Whether in person or via phone, text, email, or other means, most people experience dozens of interactions with others every day. These exchanges can provide moments of humor, excitement, endearment, disappointment, regret, or even anger.
When these outcomes lead to a difference of opinion, some people take to a popular subreddit on the website Reddit to provide detailed backstories to help other Redditors figure out who, exactly, is the “jerk” in the situation.
Now, Assistant Professor Alex Williams and his students from the Min H. Kao Department of Electrical Engineering and Computer Science have used machine learning to help answer the question thousands of Redditors have posed.
“What happens in the ‘AITA’ subreddit is that people will upload the context of a conversation or interaction that went sideways, and users will vote on who acted unreasonably—the individual that created the post or another person in the shared narrative,” said Williams. “The model we have built has shown a far better-than-average chance of predicting who the ‘A’ is, or at least who the online community believes it to be.”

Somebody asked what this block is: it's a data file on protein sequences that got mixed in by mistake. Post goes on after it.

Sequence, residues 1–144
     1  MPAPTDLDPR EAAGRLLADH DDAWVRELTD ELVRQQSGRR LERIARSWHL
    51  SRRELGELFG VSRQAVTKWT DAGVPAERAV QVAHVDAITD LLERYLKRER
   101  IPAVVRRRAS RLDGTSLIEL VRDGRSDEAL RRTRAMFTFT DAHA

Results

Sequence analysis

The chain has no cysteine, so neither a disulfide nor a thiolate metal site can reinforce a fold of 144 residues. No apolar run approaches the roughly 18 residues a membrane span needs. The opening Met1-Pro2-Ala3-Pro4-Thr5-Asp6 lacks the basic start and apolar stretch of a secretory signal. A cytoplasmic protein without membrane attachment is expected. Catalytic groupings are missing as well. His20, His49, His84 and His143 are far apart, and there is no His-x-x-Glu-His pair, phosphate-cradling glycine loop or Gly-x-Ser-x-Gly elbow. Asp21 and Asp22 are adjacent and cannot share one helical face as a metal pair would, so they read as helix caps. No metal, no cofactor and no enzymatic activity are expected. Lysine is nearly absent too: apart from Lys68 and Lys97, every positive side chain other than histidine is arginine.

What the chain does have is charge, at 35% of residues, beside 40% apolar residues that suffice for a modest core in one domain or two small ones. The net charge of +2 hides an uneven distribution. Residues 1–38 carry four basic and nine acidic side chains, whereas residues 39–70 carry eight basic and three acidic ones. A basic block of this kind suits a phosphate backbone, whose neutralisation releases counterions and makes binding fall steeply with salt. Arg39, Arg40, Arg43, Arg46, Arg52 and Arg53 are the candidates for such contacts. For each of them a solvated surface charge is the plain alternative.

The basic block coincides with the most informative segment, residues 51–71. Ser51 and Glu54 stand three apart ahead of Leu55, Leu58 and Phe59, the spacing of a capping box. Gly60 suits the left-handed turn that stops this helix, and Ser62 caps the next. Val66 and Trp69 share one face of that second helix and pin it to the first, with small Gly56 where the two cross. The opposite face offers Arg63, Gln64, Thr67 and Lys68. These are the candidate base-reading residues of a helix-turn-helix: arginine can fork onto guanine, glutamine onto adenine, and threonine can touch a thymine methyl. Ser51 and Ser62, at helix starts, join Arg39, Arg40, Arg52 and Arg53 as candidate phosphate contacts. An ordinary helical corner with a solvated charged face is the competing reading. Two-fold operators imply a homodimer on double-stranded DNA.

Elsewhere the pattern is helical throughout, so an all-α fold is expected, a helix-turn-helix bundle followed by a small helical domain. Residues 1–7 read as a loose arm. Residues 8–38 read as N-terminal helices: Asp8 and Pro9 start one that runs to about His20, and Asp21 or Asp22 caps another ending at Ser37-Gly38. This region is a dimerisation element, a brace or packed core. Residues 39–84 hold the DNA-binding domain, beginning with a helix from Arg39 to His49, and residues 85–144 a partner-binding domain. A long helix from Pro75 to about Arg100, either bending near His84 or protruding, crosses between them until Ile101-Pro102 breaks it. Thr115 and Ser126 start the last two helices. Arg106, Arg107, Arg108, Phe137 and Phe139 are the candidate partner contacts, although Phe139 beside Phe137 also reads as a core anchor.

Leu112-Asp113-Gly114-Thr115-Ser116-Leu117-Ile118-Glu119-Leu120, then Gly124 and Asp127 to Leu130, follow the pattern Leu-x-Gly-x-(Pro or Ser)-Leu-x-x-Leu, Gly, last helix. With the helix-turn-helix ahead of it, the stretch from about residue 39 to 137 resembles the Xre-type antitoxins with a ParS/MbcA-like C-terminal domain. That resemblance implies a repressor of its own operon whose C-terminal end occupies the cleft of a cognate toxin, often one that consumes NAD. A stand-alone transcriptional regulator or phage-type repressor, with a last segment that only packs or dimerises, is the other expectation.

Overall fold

Williams’ team collected 13,748 posts and used a variety of machine-learning models to explore whether a post’s outcome could be predicted based on the content of a post or the social media characteristics tied to the individual posting the content. Their technique resulted in a 76 percent prediction success rate, with the data of most importance coming from an unexpected source.
“Social metadata and features extending from the post were a much bigger indicator of how the vote would go than any of the actual language used in the post or the sentiment of the post,” said Williams. “Knowing this doesn’t just help judge how a post would be received, but also helps inform how to write things or not to write them if you want to avoid being seen as the ‘A.’”
The UT-based team noted that their work makes a significant number of assumptions, including that that posts on Reddit are both truthful and voted on by a community of unbiased judges. Williams noted that, in practice, people tend to be less than truthful on the Internet and have biases that affect their decision making and that their findings are a reflection only of this particular Reddit community.
“Providing feedback about how reasonably a person acted in a given situation is an incredibly human-centered task,” said Williams. “We certainly shouldn’t view our techniques as an oracle for determining irrational actions. Even for people, this can still be pretty challenging! That said, our work establishes a frontier for new technologies that hint at nudging us to reconsider whether we may be in the wrong.”
The students on the team were UT’s Ethan Haworth, Justin Langston, Ankush Patel, Joseph West, and Ted Grover from the University of California, Irvine.
Their work was selected for publication by the prestigious Association for The Advancement of Artificial Intelligence’s International Conference on Web and Social Media, and will be published in June.